The sprightly yellow melody of the children fought with the forlorn blue solo of the woman for a time. Finally the two songs entwined in a bittersweet green harmony. The blend offered a serenity that Kenny desperately needed.
But it didn't last. Below the soft green music ran a deep burgundy bass. This new sound came from a stove next to Kenny's dryer. Its song concerned a man, a father.
Every morning, the man leaned against the stove and warmed his hands by the gas flame that heated his kettle of coffee water. On weekdays, he faced the coming commute and his job with melancholy resignation. On weekends he rued the far too little leisure that he would enjoy before Monday arrived again.
In the early years he smoked while he drank his coffee. Later, he gave it up. Earlier, he loved his wife and delighted in his children. Later, when the children had grown and left, he came to view his wife as a stranger. Comfortable, but unknown. And he thought of his time at the stove as the leading edge of a deep daily rut that he had dug for himself.
Could it have been different, the bass line wondered in ponderous, low tones. Could I have done something great?
Kenny wondered about his own father. His father's wifeKenny's motherwas gone. Maybe his father felt as lonely as Kenny did sometimes. Was his father as scared as he was right now? Kenny loved his father. If he died, they would never see each other again. That would be a tragedy.
If there was a common element to all the impressions Kenny was receiving, it was that happiness comes not from accomplishments but from connectionsfrom the way that you touch others and allow them to touch you.
Soft, pale ivory chords slid smoothly into the empty spaces between the bass notes. The chords came from a dishwasher that had cleaned food from the plates of many different people. Buzzing dinner parties, quiet lunches, orgy-like midnight snacks and groggy breakfasts had all yielded their organic veneer. The dishwasher had cleaned cooking pots and plates and utensils and soaked it all in.
People and their residue had imparted a range of human emotions to the dishwasher. Joy and despair, friendship and betrayal, bravery and fear but all resonated with that basic need to connect, to share, to belong. So much humanity. So much feeling! So great the desire to escape loneliness. Isolated from the rest humanity by his deafness, Kenny knew all about loneliness.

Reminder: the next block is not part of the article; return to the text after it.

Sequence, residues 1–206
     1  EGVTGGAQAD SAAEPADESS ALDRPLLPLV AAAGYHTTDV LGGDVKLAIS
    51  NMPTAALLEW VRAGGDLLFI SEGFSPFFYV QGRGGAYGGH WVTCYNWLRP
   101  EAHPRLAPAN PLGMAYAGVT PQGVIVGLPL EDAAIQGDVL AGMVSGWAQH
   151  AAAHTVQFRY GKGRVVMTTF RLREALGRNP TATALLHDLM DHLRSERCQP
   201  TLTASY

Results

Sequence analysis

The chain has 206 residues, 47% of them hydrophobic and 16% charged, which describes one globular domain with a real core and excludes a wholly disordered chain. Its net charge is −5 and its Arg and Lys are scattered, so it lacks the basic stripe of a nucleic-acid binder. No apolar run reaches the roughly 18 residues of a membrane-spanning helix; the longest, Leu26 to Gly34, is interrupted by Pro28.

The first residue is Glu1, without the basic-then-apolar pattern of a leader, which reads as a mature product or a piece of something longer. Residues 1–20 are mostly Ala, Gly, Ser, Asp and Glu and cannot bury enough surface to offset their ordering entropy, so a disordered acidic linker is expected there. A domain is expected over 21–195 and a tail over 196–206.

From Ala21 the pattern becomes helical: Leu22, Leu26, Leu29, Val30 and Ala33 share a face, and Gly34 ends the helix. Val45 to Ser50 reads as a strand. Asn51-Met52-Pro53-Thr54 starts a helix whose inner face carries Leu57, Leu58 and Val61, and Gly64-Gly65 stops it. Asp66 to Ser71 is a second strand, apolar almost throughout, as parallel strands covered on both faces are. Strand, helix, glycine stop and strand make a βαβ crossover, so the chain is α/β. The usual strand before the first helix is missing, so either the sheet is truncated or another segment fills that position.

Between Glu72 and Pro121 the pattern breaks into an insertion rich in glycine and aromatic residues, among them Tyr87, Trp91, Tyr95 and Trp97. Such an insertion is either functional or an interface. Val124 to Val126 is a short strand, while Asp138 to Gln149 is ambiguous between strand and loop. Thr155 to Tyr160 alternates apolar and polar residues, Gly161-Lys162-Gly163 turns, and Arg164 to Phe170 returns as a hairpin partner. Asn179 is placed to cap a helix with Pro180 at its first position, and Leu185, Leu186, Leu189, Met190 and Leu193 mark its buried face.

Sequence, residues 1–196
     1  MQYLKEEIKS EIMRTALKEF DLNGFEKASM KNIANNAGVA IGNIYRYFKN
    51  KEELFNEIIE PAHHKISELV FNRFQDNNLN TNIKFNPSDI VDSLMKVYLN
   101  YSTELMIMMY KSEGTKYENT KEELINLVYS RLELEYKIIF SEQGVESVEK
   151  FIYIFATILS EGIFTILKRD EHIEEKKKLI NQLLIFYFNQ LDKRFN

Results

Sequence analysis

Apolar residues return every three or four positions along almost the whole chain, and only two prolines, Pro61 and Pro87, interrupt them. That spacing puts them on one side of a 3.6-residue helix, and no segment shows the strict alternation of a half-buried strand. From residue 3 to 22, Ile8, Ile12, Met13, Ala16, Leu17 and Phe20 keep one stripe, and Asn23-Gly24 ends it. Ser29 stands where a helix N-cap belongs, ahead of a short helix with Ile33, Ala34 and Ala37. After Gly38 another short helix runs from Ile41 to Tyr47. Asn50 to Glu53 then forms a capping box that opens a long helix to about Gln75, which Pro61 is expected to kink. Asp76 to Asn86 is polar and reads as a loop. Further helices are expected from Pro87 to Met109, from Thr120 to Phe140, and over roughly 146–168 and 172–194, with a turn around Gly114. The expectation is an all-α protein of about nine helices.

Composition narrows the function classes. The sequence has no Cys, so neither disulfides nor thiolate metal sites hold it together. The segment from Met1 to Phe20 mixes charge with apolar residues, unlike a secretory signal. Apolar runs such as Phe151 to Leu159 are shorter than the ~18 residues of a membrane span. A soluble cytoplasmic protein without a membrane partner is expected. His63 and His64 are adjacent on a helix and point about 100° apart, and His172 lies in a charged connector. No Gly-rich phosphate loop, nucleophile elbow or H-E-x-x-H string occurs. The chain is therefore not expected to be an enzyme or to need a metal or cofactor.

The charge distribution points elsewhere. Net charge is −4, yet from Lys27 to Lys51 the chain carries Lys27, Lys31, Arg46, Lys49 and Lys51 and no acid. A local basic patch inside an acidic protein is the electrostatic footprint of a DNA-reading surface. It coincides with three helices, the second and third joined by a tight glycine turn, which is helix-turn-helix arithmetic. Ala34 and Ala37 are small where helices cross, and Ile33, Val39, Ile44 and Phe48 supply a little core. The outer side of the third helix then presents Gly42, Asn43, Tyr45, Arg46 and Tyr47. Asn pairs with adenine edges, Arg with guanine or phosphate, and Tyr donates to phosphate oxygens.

It was twilight and getting darker quickly, colder too, but Kenny didn't notice. He was brimming with the sounds and colors of these ghosts in the machines of the junkyard. They sang to him and took away the pain of his confinement. They serenaded him and warmed him and soothed him. Gratefully, he sang back to them.
The searchers found Kenny because he was cryingsinging tunelessly, really. It was hours after the quake. Deep darkness. His father and a pair of very relieved friends pushed away the refrigerator and freed the tearful boy from his tiny prison beneath the clothes dryer. They wrapped him in a blanket and took him inside, and his father held him until he was warm again.
But he kept on crying long after he'd been rescued. It wasn't because he was scared. He cried because he'd felt the fullnessand the emptinessof life. He cried with sorrow because his rescuers had separated him from his friends, and with joy because they had reunited him with his father.
He cried again when his father banned him from the appliances in the weeks following the earthquake. But Kenny understood. He thought about his father's loneliness and his own. He spent the time that he would have spent among the appliances in the junkyard shop instead, sitting next to his father or watching him work. Their rapport deepened. And eventually the ban was lifted.
In the years that followed, Kenny expressed an interest in the battered appliances that found their way to the junkyard. And he demonstrated an aptitude for fixing them. Especially those machines that had spent a lot of time around people. His approach was unorthodox, but Kenny's father didn't interfere. He didn't think it odd to see his son leaning against a washing machine or a stove for long moments, feeling its soul and listening to its music.
Kenny didn't either. It was as natural and necessary as breathing.
copyright (c) 1994 by Steve Schlich
ABOUT THE STORY introduction from the 1994 book ORPHANS
In 1992, I wrote Repairs,a story about an Electrolux vacuum cleaner achieving consciousness. Weird Tales published it in 1994. But that story didn't cure my fascination with the nature of mind and machinery. Steelsong scratched the itch a little more. It didn't sell, possibly because it's all narrativeno dialog whatsoever.
...But after I published the book Orphans, this story did sell... to a Canadian magazine named Transversions.